Is The Doctor’s Sonic Screwdriver for Real?

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The Doctor and His Sonic Screwdriver. ©BBCThe Doctor and His Sonic Screwdriver. ©BBC

The Doctor and His Trusty Sonic Screwdriver. ©BBC

A team of research physicists at the University of Dundee in Scotland have created an ultrasound array that can effectively be used as a sonic screwdriver, right out of Doctor Who. The Dundee researchers were able to lift and spin a free-floating 10cm diameter rubber disk with an ultrasound beam.

Don’t believe me? Here’s a video of it in action:

Ok, so maybe this isn’t as portable as the good Doctor’s favorite tool of choice, but the implications could be staggering. According to Dr. Mike MacDonald, of the Institute for Medical Science and Technology (IMSAT) at Dundee, “This experiment not only confirms a fundamental physics theory but also demonstrates a new level of control over ultrasound beams which can also be applied to non-invasive ultrasound surgery, targeted drug delivery and ultrasonic manipulation of cells.”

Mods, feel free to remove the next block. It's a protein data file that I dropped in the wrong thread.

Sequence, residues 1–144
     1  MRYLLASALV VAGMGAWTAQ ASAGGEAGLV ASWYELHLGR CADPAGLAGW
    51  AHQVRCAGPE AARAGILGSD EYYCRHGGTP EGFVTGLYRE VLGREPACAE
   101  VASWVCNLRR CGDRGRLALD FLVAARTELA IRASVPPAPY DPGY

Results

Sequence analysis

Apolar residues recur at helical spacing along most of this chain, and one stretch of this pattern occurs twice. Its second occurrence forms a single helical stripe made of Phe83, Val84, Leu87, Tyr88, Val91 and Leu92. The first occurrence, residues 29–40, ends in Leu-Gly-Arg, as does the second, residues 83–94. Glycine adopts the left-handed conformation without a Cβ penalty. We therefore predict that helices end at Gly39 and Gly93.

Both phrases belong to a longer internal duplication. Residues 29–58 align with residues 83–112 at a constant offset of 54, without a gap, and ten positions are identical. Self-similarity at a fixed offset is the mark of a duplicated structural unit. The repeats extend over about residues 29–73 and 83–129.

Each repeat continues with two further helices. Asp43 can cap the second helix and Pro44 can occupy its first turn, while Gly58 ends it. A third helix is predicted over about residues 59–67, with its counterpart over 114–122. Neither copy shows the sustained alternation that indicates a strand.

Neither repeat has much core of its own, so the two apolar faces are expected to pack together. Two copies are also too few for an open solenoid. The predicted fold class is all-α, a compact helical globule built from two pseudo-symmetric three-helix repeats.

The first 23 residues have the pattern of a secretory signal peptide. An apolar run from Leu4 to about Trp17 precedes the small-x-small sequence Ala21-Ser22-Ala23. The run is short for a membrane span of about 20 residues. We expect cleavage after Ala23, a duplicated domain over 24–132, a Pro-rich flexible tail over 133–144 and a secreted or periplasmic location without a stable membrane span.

The theory, which had been proven separately, is used in topics from quantum communications to biophotonics, but had not previously been proved in a single experiment. It creates angular momentum in a vortex beam using a number of intertwined helices similar in shape to DNA. The team showed how they could generate vortex beams with many intertwined helices, using a 1000-element ultrasound transducer array as an acoustic hologram. These beams are powerful enough to levitate and spin the 90g disk.

But wait, there’s more! According to Dr. MacDonald, “… [W]e are already starting to push the boundaries of what ultrasound can do in terms of targeted drug delivery and targeted cellular surgery. Like Dr. Who’s own device, our sonic screwdriver is capable of much more than just spinning things around.”

And, according to the same news release, though, the theory being applied to sound here, is also valid for light. So, watch out: the Master’s laser screwdriver may not be far behind.

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